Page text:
Langstone Coastal Defence Study January 2020 Design Update Langstone Coastal Defence Study January...
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Langstone Coastal Defence Study Langstone Coastal Defence Study January 2020 Design UpdateJanuary 2020 Design Update
Reducing Coastal Flood and Erosion Risk to the Langstone CommunityReducing Coastal Flood and Erosion Risk to the Langstone Community
ContentsContents Who are the ESCP? Coastal roles and responsibilities Why we are here Climate change and sea level rise Funding challenges Heritage considerations Environmental considerations The choices Story so far Core scheme overview Langstone West The Ship Inn Langstone Village Royal Oak What happens next?
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Who are the ESCP?Who are the ESCP? Eastern Solent Coastal Eastern Solent Coastal PartnershipPartnership
The ESCP are a team of council officers delivering comprehensive coastal management services across the coastlines of Fareham, Gosport, Havant and Portsmouth.
These different activities are distributed across These different activities are distributed across three teams:three teams:
Partnership Vision:Partnership Vision: “To reduce the risk of coastal flooding and “To reduce the risk of coastal flooding and erosion to our communities and encourage the erosion to our communities and encourage the provision of technically, environmentally and provision of technically, environmentally and economically sustainable coastal defence and economically sustainable coastal defence and protection measures.”protection measures.”
The ESCP has been recognised as an example of best practice by the Environment Agency and Defra, with suggestions that the model should be encouraged across the rest of the country.
Map of ESCP coverage
Since 2012 we have been delivering projects to the highest standard, reducing coastal flood and erosion risk to thousands of homes and businesses. The Partnership has surpassed the work that each Local Authority could have achieved in isolation delivering multi-million pound projects while making a combined saving of £1.8 million.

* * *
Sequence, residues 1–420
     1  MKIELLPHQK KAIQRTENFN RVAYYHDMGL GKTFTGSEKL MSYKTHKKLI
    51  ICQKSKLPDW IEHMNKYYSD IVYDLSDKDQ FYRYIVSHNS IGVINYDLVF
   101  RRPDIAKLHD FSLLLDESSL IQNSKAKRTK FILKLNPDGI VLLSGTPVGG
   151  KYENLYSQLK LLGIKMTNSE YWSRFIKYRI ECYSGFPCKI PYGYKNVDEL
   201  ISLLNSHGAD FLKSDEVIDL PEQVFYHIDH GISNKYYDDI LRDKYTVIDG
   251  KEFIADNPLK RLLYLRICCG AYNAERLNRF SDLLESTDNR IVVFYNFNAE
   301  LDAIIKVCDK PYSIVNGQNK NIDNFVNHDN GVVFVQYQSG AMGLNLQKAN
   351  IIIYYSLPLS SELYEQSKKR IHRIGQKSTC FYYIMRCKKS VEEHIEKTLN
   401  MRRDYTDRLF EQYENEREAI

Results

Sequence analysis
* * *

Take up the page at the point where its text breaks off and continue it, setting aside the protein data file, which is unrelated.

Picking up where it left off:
The ESCP undertakes a broad range of coastal The ESCP undertakes a broad range of coastal management activities, including:management activities, including:
• Coastal Policy, Strategy and Environment • Capital Projects • Operations
• Setting coastal management policy, through the development of Shoreline Management Plans and Coastal Strategies
• Designing and implementing civil engineering schemes
• Regular management, inspection and maintenance of sea defences
• Identifying opportunities to enhance our coastal environment
• Leading and contributing to industry research • Engaging with local communities, organisations
and businesses on all aspects of our work
Above left: Anchorage Park Coastal Defences with Wildflower Meadow. Above right: Tipner Lake Coastal Path with Paving and Giant Sun loungers. Below: Hill Head Coastal Defence Wall with Safety Rail.
Coastal roles and Coastal roles and responsibilitiesresponsibilities
Private land owners and homeowners have ultimate responsibility for protecting their own property and land from flooding and erosion and they must act within statutory planning regulations and other applicable legislation to do so.
Who is responsible?Who is responsible?
How schemes are fundedHow schemes are funded
The Government has put in place a mechanism for funding flood and coastal erosion risk management schemes called Partnership Funding. The principles are quite simple, where projects do not qualify for full government funding, external funding contributions can be sought to make up the shortfall.
Coastal Protection Authorities and the Environment Agency have permissive powers to carry out works to protect against coastal flooding and erosion. However this is not a legal obligation. This means Havant Borough Council has the ‘power’ to carry out coastal protection works but is not duty bound to do so and will not be liable for the failure to exercise these powers.
Local Authorities and the Environment Agency do however act to try and secure funding and deliver projects where there are sufficient benefits to the public, i.e. when there is a clear economic benefit to developing coastal defence works, when there is an appropriate engineering solution that is achievable and where environmental legislation is not contravened.
A scheme at Langstone is not guaranteed to attract full government funding, therefore we are actively working with the council and external partners to explore opportunities to identify additional funding for the scheme.
1100% funded00% funded